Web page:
Basic, 101 SEO rules explain that links should be anything but generic. Even almighty Google, in its 2010-issued SEO Starter Guide explains that webmasters should avoid linking on generic keywords and key phrases, such as ‘click here’, ‘see more’, ‘page’, and ‘article’. However, recent site audits and other research indicate that the guide might just be slightly outdated when it comes to provisions for generic links.
While Google strongly advises in favor of using descriptive text to link on, the actual situation might no longer reflect on their policies and best practice guide. Other similar recommendations warn against using off-topic content as anchor text, using the page URL, and using content that provides the user with little or no indication of the actual content that the link in question would lead them to.
However, ask just about any SEO expert from an active digital net agency and you might find that their prescriptions on generic link greatly differ from the official Google guidelines. How come SEO experts found that Google’s 2012 Penguin update taxed and penalized sites that qualified as ‘over-optimized’. In other words, websites with too many exact matches for a specific type of anchor texts found themselves demoted in the SERPs.
Some recent research will even go as far as to suggest that optimizing a backlink profile with utmost success involves using a balanced blend of all types of anchors, from exact matches to no-follow links, and also including partial matches, URL links and generic links, as described above. The value of generic anchors Google will not penalize your website for back linking in a way that does not include partial matches or generic text.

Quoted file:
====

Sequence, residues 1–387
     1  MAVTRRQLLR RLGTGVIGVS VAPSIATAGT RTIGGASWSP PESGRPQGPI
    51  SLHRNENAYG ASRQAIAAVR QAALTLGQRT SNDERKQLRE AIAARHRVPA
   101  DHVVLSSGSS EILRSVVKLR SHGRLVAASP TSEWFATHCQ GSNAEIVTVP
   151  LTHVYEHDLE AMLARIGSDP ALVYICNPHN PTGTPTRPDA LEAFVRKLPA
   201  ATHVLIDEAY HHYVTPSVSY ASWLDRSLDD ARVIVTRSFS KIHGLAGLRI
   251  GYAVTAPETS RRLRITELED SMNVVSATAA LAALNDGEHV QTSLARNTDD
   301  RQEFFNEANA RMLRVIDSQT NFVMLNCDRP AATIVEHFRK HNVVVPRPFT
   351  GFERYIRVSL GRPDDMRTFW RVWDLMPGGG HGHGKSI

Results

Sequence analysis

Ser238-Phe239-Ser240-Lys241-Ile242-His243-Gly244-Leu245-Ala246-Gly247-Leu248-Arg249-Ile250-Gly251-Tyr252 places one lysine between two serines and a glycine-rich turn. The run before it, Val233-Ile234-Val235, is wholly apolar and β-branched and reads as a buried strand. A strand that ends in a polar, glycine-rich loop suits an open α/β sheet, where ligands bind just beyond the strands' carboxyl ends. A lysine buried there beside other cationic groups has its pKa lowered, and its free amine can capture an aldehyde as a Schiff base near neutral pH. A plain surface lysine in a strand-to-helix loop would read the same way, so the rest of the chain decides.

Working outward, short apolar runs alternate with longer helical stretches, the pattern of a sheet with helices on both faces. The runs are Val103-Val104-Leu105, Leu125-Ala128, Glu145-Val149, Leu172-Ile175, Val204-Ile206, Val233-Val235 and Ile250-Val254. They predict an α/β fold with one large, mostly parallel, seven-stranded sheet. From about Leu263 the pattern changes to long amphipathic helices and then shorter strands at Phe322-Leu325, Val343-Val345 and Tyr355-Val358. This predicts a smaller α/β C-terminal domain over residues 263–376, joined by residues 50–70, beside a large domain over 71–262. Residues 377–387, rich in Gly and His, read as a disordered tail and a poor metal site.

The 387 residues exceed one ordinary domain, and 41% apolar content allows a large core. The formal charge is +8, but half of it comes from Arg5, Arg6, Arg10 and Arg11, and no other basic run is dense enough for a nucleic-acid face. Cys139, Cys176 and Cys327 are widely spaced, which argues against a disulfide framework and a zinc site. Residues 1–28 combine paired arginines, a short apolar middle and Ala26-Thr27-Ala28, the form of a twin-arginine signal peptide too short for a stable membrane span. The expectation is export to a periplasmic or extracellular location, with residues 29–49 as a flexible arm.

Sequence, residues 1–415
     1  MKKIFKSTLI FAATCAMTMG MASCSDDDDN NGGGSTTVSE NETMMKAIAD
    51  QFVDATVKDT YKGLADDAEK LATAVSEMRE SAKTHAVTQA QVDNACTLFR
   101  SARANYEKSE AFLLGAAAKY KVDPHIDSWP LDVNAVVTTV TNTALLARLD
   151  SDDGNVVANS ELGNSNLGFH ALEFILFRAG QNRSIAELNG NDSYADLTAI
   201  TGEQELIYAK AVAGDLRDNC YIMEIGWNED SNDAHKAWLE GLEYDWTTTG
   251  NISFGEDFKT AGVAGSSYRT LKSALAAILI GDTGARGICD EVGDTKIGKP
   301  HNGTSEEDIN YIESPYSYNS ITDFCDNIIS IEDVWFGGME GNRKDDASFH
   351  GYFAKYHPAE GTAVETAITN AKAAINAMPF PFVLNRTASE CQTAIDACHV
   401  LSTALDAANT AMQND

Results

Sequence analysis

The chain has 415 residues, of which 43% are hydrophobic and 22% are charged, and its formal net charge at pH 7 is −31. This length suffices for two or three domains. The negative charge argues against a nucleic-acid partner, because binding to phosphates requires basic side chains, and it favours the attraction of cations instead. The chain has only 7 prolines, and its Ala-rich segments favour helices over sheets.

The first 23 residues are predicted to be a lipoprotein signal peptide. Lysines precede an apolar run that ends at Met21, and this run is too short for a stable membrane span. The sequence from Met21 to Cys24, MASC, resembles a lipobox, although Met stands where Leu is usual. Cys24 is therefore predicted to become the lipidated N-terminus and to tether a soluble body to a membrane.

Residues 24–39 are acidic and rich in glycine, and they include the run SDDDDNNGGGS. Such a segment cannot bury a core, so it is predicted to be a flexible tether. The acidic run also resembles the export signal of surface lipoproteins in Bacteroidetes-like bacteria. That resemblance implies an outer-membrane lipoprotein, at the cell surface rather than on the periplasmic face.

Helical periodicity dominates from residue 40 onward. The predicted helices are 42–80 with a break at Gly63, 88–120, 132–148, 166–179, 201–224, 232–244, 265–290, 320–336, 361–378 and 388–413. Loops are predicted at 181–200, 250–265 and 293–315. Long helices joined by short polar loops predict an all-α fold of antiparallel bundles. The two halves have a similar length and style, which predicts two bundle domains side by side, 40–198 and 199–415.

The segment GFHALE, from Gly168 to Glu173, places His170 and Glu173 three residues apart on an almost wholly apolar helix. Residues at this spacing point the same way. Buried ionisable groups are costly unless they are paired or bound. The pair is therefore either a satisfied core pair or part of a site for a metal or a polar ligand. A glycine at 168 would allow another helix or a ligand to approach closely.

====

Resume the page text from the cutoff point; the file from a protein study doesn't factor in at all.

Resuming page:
Since this is not part of their policy, they would be unfair to do so. They will, however, penalize over-optimized content; likewise, they will rank sites with a more balanced profile higher. This is not to say that you should automatically resort to generic links, in order to rank better in the SERPs. The whole point of back linking is to improve usability and user-friendliness in terms of accessing a specific website.
One way to do this is to have as much variety as you can fit in, in your choice of anchor texts. Do avoid scoring highly on exact matches at any given cost, but choose related text for anchoring your links. Co-occurrence is also a great idea to implement, in an effort to achieve diversity.
Simply put, this refers to the fact that search engines will take a good look at the existence of exact matches, then compare their numbers with those of related and co-occurring phrases. You don’t need the same word repeated ad nauseam, but synonyms and semantically related phrases are a great idea. What other methods for anchor diversity can you think of? Let us know in the comments section.